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When we gaze into the night sky, it’s like looking at a projection on a giant dome — we see two-dimensional pictures, with no perception of depth. Even astronomers can have a hard time plotting that third dimension — a difficulty that can skew their understanding of how stars work.
Consider the Coathanger, a pattern of 10 stars that looks like an upside-down coat hanger. It’s in the faint constellation Vulpecula, the fox.
For decades, astronomers thought those stars formed a cluster. A cluster’s stars are all the same age and same distance, and they formed from the same ingredients. But some of its stars are small and light, while others are big and heavy. Seeing how the different weight classes have evolved helps astronomers understand how all stars age.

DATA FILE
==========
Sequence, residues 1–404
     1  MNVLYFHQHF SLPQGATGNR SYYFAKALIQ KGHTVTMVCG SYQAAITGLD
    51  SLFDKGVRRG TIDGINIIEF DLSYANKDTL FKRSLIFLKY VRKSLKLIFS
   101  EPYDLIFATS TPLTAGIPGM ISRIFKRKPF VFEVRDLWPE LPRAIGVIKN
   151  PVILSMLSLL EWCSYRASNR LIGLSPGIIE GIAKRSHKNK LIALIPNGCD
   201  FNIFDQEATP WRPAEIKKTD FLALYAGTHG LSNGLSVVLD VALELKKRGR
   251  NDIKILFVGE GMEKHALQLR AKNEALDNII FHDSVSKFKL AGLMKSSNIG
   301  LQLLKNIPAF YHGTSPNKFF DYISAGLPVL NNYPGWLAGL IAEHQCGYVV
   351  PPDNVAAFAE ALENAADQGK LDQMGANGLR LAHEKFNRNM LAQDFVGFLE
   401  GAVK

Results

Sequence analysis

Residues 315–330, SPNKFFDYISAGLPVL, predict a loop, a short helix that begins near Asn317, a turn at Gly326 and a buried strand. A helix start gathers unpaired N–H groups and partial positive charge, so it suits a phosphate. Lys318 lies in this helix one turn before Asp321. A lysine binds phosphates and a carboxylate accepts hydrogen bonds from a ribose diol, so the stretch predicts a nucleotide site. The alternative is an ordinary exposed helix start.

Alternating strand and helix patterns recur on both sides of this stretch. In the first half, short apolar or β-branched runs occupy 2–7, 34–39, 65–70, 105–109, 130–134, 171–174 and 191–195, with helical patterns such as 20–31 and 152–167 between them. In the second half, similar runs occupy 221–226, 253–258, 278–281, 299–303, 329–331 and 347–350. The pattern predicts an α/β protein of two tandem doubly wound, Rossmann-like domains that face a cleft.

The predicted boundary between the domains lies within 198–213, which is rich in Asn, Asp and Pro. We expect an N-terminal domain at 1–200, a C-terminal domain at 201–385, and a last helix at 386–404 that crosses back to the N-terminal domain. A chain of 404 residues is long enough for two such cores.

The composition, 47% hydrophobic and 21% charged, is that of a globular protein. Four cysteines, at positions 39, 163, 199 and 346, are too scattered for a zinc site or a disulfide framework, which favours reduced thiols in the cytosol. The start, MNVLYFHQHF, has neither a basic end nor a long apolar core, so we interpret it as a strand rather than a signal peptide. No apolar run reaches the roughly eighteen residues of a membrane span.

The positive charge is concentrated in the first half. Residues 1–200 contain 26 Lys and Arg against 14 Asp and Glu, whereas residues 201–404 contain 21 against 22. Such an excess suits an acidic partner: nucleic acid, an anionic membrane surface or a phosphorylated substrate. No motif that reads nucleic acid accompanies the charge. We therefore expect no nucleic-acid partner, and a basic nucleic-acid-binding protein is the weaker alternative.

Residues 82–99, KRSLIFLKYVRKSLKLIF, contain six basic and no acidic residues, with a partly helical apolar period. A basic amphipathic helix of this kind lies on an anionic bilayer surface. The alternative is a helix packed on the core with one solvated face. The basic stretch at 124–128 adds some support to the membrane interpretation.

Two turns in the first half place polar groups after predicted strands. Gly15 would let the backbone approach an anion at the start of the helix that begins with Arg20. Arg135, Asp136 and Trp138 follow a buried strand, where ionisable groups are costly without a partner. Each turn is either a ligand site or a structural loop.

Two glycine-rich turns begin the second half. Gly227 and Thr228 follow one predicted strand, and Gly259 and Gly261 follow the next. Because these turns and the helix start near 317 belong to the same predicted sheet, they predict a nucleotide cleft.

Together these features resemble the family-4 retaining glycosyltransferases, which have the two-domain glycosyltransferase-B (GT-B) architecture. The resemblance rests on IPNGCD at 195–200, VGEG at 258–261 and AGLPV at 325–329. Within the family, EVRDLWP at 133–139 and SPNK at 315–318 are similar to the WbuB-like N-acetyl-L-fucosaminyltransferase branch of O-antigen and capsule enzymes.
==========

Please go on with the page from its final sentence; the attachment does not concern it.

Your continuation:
But a study in 1970 found that only a few of the Coathanger’s stars were related. And a later one, which used a satellite to plot the distances to stars with great precision, found that none of them were related — they just happened to line up in the same direction. So plotting the third dimension robbed the Coathanger of some of its scientific value — but none of its beauty.
The Coathanger is a great target for binoculars. Sweep them from the bright star Altair, which is low in the east at nightfall, toward even brighter Vega, far to its upper left. The Coathanger is about a third of the way along that line — a beautiful grouping that’s not really a group at all.